This year, we had a lot of interest and submissions centered around using Python in the big data/natural language processing space. Python is becoming one of the favored tools for doing data hacking - and that is why we are so excited that Hilary Mason will be giving our first keynote. Looking across all of the submissions, though, we saw a second theme - the use of Python not only to make sense of data, but also - with apologies to Perl - to be the swiss army chainsaw of a growing number of startups. With this perspective, we were able to find our second set of keynote addresses - "Startup Stories" about companies that made it (and are making it) with Python.

Some of those same Python startups are helping get the word out about PyCon. We are using Convore for some conversations about PyCon and Lanyrd is tracking conference attendees who tweet "@lanyrd attending #pycon."

Sponsors

I also want to thank the incredible number of sponsors that have stepped up to help make PyCon happen this year. Our sponsors make it possible for us to keep PyCon a community conference (and not a CIO-only blahfest) by stepping up and helping shoulder the costs of making PyCon go. I hope that each person reading this will look at the companies listed on the PyCon site and make a point of noting - and thanking, if you have a chance - the representatives from these companies who will be coming to PyCon. These companies are part of the PyCon ecosystem and PyCon wouldn't be the same without them.

Besides funding PyCon, sponsorship also goes directly to making Python better. It is no coincidence that the conference co-chair, Jesse Noller, is also behind the Python Sprints project. Any excess that is not used for funding PyCon (this year or for as seed funding for future years) is used to help fund projects and developers in the Python ecosystem via the Python Software Foundation. Stay tuned here, too - there will be some big announcements in this area at PyCon.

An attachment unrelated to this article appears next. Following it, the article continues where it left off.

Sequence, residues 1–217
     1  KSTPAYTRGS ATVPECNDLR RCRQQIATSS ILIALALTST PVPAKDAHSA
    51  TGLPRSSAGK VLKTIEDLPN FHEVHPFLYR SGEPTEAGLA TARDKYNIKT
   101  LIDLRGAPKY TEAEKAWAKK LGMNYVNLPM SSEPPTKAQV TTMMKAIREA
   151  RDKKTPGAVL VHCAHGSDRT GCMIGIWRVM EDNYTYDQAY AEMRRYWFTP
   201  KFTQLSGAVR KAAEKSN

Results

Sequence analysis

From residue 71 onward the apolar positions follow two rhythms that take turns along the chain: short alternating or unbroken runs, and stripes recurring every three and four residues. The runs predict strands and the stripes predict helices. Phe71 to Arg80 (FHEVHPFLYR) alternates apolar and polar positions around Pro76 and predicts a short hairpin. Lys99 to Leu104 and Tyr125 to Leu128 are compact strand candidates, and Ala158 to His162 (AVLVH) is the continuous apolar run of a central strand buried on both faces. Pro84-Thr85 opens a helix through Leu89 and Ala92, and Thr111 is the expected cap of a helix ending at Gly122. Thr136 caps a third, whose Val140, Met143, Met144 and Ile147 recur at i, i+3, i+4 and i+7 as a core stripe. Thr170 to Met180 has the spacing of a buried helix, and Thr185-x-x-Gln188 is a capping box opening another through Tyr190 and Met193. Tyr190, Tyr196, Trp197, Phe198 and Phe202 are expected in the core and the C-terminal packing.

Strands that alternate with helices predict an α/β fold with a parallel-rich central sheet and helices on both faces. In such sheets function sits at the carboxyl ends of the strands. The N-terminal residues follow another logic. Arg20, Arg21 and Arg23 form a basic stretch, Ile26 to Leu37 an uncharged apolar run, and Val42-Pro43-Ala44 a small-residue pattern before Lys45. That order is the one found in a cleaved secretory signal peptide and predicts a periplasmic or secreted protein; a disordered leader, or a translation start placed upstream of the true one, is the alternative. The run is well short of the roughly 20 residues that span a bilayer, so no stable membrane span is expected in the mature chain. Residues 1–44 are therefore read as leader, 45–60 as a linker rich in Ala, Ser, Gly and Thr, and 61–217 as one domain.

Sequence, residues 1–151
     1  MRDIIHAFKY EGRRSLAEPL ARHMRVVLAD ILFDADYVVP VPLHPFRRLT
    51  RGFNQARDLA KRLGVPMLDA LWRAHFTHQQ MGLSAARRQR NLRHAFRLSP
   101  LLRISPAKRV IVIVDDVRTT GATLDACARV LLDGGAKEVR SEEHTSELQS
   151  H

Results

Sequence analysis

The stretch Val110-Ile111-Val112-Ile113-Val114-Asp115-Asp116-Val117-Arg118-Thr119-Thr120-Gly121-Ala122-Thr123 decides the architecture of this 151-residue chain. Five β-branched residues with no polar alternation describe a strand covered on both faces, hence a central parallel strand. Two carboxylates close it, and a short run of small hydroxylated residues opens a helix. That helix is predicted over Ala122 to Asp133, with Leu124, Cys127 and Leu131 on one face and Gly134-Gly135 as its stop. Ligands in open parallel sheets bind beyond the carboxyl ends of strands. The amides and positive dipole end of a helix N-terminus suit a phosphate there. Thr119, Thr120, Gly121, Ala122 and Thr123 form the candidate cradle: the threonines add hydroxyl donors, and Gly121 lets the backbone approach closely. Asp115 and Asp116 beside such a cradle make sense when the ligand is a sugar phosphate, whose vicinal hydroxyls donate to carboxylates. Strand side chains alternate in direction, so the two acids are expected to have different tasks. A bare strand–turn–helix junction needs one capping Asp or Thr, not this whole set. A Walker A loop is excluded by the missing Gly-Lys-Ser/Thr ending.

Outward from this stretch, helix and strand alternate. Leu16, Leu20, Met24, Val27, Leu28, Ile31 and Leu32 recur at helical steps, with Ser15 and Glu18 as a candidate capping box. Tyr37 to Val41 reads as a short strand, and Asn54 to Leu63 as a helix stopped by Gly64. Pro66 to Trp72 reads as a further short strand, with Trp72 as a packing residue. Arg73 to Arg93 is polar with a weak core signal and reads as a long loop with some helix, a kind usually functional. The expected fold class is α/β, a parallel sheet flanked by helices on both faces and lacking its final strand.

I also want to put out a call to anyone reading this who uses Python at their work, but is not already a sponsor: Please contact us or sign up to sponsor! We want to get you involved with PyCon and recognize your contributions. Your sponsorship goes directly to making PyCon and Python better.

Recruiting at PyCon

One side-effect of having so many great companies involved with Python is that there is a lot of demand for Python programmers. If you are looking for work - either a new job or an upgrade - a lot of the companies at PyCon will be hiring. It doesn't matter if you are a data hacker, web slinger, sysadmin, or game programmer, we will probably have someone at PyCon that wants to hire you.

We will be sending out an email to all attendees right before PyCon with information about some of the available positions at sponsor companies. Come prepared with a resume and a repository URL!

Update

Room-nights have gone up by almost 100 since I drafted the first part of this post yesterday. We are now at 2757 room-nights.

 

Additional Discussion:

 

Tuesday, February 15, 2011

PyCon 2011: Interview with Dave Beazley

It’s not the first time Dave Beazley made the drive from Chicago to PyCon, but it’s the first time he buckled up a piece of history to join him on the trip. After giving two tutorials on Python 3, Dave brings out his 1979 OSI Superboard II for an old school meets new school mashup which is sure to raise a few eyebrows and bring back memories for some.

“The Superboard II was the first computer on which I learned to program back in the late 70s,” said Dave when asked how he came about the machine. It sat in his parents’ basement until Eric Floehr mentioned it at a recent SciPy conference. From there he called his brother who brought it out to Chicago, and “much to our amazement, it still worked.”